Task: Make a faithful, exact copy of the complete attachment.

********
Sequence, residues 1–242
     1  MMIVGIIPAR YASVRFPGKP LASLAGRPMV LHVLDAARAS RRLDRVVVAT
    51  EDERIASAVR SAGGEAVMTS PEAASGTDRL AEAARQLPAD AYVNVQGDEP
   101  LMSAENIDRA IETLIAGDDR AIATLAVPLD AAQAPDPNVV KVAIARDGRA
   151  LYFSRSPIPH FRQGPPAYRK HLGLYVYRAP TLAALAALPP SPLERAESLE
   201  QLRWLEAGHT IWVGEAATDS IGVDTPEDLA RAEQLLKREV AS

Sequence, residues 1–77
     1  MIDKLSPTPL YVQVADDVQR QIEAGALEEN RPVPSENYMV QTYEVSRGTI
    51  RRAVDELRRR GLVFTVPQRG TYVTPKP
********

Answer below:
Sequence, residues 1–242
     1  MMIVGIIPAR YASVRFPGKP LASLAGRPMV LHVLDAARAS RRLDRVVVAT
    51  EDERIASAVR SAGGEAVMTS PEAASGTDRL AEAARQLPAD AYVNVQGDEP
   101  LMSAENIDRA IETLIAGDDR AIATLAVPLD AAQAPDPNVV KVAIARDGRA
   151  LYFSRSPIPH FRQGPPAYRK HLGLYVYRAP TLAALAALPP SPLERAESLE
   201  QLRWLEAGHT IWVGEAATDS IGVDTPEDLA RAEQLLKREV AS

Sequence, residues 1–77
     1  MIDKLSPTPL YVQVADDVQR QIEAGALEEN RPVPSENYMV QTYEVSRGTI
    51  RRAVDELRRR GLVFTVPQRG TYVTPKP